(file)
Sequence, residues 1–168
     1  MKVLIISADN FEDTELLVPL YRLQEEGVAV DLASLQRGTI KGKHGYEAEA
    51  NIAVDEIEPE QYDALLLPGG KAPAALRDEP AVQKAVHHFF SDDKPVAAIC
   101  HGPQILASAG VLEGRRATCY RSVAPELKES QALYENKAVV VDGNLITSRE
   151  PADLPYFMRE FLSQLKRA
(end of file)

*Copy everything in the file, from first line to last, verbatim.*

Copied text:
Sequence, residues 1–168
     1  MKVLIISADN FEDTELLVPL YRLQEEGVAV DLASLQRGTI KGKHGYEAEA
    51  NIAVDEIEPE QYDALLLPGG KAPAALRDEP AVQKAVHHFF SDDKPVAAIC
   101  HGPQILASAG VLEGRRATCY RSVAPELKES QALYENKAVV VDGNLITSRE
   151  PADLPYFMRE FLSQLKRA